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RORO News: Changing Landscapes

Outlook Brightens for RORO Carriers

And just as the outlook started to brighten, Japanese antitrust authorities in March slapped a $225 million fine on six companies, including market leaders Wallenius Wilhelmsen Logistics, “K” Line and NYK Line for their part in a price-fixing scheme on ocean freight rates on international routes.

Further financial hits are possible. Several class-action lawsuits were launched in the U.S. last summer, and European antitrust authorities are investigating alleged cartel activities. There are also concerns that growth in global automobile exports will slow as production increasingly shifts to import markets.

Japan’s “K” Line, whose 100-strong fleet carries some 3.3 million cars a year, believes the move of production plants to importing nations will limit growth in seaborne automobile trade, and is diversifying its client base to carry more construction and mining vehicles, heavy trucks, agricultural equipment and static ro-ro cargoes.

“K” Line rival MOL is embracing the shift in production to drum up business for its car carriers. It just launched a weekly three-vessel service transporting new cars from the east and west coasts of Mexico to ports in the North American Free Trade Agreement region.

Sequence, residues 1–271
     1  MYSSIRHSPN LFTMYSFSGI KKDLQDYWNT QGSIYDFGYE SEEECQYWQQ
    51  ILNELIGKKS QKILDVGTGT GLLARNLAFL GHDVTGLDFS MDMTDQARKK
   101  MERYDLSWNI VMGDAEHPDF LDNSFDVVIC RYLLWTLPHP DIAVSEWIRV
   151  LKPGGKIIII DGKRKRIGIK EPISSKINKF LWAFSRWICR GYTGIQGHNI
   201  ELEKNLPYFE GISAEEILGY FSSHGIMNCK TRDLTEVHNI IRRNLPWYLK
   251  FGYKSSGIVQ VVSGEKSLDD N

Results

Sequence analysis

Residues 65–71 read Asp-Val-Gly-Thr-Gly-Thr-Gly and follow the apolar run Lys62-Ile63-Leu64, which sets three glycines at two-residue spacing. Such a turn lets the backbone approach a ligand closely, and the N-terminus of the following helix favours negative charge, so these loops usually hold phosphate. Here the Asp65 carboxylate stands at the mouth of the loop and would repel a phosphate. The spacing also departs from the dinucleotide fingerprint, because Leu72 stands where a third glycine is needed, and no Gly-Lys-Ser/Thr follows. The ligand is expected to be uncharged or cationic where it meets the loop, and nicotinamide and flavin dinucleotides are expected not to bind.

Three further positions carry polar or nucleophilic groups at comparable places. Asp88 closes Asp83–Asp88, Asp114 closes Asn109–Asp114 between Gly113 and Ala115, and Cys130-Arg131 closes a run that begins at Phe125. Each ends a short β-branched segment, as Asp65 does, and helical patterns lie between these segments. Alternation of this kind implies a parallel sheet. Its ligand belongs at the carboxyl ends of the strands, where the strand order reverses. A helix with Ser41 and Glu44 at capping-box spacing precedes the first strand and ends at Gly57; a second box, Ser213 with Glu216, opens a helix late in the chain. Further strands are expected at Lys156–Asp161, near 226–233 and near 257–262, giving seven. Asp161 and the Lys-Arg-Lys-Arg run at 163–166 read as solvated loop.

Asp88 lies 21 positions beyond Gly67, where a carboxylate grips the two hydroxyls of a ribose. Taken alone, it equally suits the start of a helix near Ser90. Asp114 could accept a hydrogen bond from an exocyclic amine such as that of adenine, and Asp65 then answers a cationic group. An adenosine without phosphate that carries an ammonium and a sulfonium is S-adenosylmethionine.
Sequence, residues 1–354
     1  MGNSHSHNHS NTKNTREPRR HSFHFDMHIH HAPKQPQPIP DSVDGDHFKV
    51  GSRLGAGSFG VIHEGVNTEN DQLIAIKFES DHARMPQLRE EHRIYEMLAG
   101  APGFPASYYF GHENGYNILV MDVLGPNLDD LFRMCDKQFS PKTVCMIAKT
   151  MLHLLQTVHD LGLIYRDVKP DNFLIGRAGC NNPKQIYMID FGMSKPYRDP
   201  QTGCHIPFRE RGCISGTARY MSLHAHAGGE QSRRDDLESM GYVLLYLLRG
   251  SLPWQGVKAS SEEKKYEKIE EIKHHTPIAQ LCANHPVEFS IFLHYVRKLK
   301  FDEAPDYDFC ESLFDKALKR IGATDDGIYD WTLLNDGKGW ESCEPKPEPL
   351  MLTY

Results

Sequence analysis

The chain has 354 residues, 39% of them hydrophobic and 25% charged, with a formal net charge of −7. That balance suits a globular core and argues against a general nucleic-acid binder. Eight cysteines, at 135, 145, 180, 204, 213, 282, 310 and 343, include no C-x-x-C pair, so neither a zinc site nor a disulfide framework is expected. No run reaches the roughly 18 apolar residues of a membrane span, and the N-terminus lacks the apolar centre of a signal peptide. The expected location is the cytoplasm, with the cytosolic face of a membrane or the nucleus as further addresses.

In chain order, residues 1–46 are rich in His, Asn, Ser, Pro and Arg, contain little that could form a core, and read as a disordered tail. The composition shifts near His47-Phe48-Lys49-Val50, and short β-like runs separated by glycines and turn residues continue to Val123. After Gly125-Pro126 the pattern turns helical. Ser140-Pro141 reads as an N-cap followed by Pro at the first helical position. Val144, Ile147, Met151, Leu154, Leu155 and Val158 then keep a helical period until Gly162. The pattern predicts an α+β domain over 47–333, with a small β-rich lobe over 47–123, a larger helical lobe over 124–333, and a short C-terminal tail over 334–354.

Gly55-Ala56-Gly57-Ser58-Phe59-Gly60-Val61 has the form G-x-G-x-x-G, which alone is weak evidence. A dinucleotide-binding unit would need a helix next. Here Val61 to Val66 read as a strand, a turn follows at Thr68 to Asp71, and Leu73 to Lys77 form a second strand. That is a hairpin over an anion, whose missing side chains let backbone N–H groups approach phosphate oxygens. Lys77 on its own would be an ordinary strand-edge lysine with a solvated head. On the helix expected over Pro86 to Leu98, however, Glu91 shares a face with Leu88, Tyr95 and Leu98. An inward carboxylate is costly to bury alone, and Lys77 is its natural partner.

DFDS Chief Executive Niels Smede-gaard has warned that the 40 to 50 percent higher cost of cleaner fuel will lead to bankruptcies and route closures. The Danish line expects to spend nearly $140 million to equip 20 vessels with “scrubbers” that remove sulfur from exhaust gases, but it already has stopped serving one Baltic route in response to the new regulations and another four to seven are at risk of being shut down.

Older vessels that can’t be fitted with scrubbers or don’t justify heavy investments likely will be switched to southern European routes where the regulations take effect in 2020. DFDS plans to impose a low-sulfur surcharge that will lead some shippers to switch to trucks and thus undermine the EU’s policy of encouraging more freight shippers to use greener sea and rail transport.

The industry could face a radical shakeup in its key North European market in early 2015, with weaker carriers calling it quits and stronger ones slugging it out in a fresh outburst of consolidation.


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